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Truth or myth? Young children and older people don’t get acne

Myth! While it's rare for both older people and young children to get acne it is possible.
10 Aug 2020

Myth! While it’s rare for both older people and young children to get acne it is possible.

Why do elderly people get acne?

It’s hard to believe that elderly people suffer with problem skin, but some do and it’s usually due to the menopause or medication they might be taking.

For women over 60 years old, it’s a time of change when it comes to hormones due to the onset of the menopause. The shift in hormone levels can cause acne in older females. One of the reasons is that women stop taking birth control pills, which can help to keep acne at bay. Fluctuating hormone levels can also stimulate the sebaceous gland, a small gland which produces sebum to lubricate the skin, and a rise in sebum could lead to clogged pores and new blemishes.

Acne can also be a side effect of some medications,  like treatments for depression or stress, which are among the most common medications renowned for causing breakouts.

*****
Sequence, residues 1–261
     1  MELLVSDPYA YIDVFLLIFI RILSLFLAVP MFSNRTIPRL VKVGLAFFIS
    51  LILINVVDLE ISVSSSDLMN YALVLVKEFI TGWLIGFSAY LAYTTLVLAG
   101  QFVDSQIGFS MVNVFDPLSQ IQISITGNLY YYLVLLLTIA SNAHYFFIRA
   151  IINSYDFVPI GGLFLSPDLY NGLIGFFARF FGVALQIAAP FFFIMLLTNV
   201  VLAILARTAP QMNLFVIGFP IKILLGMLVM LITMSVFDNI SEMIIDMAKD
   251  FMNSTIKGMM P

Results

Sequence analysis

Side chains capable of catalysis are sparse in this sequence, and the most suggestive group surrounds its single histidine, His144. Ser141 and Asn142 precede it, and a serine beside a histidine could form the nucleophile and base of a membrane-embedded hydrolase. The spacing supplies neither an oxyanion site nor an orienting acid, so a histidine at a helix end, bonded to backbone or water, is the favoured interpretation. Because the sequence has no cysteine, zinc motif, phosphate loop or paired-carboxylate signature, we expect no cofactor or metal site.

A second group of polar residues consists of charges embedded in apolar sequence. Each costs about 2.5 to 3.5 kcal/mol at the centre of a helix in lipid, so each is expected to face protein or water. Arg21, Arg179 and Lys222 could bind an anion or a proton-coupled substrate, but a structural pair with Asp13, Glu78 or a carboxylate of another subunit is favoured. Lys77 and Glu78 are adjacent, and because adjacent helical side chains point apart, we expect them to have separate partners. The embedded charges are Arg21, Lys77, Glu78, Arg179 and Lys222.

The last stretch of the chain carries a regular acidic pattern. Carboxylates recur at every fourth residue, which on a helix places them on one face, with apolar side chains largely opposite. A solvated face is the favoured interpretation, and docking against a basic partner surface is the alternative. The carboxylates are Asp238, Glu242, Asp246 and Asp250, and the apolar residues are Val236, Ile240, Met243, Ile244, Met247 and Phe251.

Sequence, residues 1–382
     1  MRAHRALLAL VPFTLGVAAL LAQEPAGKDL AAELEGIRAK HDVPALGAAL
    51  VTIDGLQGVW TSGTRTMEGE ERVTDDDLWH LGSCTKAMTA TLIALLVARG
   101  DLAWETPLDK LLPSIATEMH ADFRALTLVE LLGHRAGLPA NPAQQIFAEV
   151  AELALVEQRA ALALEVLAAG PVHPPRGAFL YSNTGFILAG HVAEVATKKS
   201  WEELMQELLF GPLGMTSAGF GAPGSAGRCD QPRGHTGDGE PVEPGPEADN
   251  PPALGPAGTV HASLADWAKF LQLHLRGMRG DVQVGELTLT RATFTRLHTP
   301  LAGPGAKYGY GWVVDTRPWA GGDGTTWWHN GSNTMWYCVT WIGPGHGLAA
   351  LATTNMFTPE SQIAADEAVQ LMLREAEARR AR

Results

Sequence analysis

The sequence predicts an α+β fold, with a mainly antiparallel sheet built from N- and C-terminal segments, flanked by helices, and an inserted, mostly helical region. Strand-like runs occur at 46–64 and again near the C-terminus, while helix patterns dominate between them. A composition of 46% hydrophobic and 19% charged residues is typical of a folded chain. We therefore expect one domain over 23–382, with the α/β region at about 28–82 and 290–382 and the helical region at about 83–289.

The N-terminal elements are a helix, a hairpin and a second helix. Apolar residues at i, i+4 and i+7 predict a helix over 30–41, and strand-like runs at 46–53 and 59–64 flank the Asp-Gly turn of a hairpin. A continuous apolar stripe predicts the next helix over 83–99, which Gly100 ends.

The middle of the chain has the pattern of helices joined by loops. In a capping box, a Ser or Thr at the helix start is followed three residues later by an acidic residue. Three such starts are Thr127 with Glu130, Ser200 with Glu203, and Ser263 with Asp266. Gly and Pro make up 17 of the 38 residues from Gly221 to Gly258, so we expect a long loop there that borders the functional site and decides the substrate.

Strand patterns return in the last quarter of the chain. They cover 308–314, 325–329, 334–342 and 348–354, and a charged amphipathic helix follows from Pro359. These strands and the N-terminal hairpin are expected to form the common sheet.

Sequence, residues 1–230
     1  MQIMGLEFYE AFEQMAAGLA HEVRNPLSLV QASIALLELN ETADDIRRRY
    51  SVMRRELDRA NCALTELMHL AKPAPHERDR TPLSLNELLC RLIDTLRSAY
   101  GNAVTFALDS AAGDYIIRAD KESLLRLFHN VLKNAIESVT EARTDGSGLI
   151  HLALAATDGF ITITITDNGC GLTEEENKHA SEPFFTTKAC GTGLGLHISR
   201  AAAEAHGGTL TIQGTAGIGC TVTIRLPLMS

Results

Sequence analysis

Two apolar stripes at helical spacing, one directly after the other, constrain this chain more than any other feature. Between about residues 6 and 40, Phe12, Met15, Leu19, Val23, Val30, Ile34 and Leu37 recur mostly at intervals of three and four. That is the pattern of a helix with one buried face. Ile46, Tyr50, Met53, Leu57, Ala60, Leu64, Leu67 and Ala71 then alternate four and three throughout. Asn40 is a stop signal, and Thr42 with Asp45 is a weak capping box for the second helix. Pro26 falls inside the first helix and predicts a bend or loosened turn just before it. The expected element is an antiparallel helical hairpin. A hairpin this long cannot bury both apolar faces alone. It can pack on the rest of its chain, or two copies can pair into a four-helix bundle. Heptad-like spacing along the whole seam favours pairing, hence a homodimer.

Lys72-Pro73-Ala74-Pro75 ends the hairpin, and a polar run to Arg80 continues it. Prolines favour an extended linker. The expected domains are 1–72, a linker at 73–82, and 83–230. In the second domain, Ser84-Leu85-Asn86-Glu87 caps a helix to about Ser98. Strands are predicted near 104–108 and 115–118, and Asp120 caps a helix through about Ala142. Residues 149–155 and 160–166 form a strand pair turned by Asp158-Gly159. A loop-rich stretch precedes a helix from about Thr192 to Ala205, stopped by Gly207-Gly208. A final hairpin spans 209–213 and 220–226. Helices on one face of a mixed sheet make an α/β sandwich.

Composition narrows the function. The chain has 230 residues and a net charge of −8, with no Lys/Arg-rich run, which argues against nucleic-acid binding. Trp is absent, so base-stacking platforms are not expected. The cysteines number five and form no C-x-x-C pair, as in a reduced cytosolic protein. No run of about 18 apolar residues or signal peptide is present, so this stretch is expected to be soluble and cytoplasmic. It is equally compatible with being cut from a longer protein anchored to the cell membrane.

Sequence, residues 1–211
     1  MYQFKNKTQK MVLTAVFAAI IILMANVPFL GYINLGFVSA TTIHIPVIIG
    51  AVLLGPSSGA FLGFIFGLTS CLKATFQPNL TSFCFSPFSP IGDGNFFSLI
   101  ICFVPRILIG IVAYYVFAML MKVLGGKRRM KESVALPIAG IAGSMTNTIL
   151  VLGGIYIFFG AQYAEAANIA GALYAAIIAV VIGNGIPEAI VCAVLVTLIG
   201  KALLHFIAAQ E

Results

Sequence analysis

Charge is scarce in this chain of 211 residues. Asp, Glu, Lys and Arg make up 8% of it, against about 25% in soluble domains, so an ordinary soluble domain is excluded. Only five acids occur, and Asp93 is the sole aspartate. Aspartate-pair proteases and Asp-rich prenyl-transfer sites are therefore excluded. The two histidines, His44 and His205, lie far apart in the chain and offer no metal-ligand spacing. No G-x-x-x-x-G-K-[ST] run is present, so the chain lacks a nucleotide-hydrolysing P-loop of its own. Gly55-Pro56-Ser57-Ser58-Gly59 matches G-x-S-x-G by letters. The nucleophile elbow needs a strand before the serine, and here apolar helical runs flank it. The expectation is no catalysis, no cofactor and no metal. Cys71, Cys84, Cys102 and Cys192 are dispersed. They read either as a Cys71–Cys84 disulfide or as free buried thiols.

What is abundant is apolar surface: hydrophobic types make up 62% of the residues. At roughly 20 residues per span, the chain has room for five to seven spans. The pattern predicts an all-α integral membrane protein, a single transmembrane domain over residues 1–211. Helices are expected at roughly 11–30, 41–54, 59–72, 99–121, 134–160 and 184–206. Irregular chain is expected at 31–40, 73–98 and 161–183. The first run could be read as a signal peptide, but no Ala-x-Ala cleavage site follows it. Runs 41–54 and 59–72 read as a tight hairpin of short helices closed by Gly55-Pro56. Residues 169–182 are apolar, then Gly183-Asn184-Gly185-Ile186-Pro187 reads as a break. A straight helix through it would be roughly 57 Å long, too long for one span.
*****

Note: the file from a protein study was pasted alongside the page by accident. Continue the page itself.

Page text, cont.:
Why do some children get acne?

Generally, children from the age of two to about nine don’t usually get acne because the sebaceous glands decrease in activity until puberty when they begin to increase in activity again, and produce more sebum which can potentially block pores. However, there are rare cases of young children getting acne and it’s most likely a result of some hormone disruption that causes early flare-ups. These could also be a sign of precocious puberty so it’s worth consulting a doctor.


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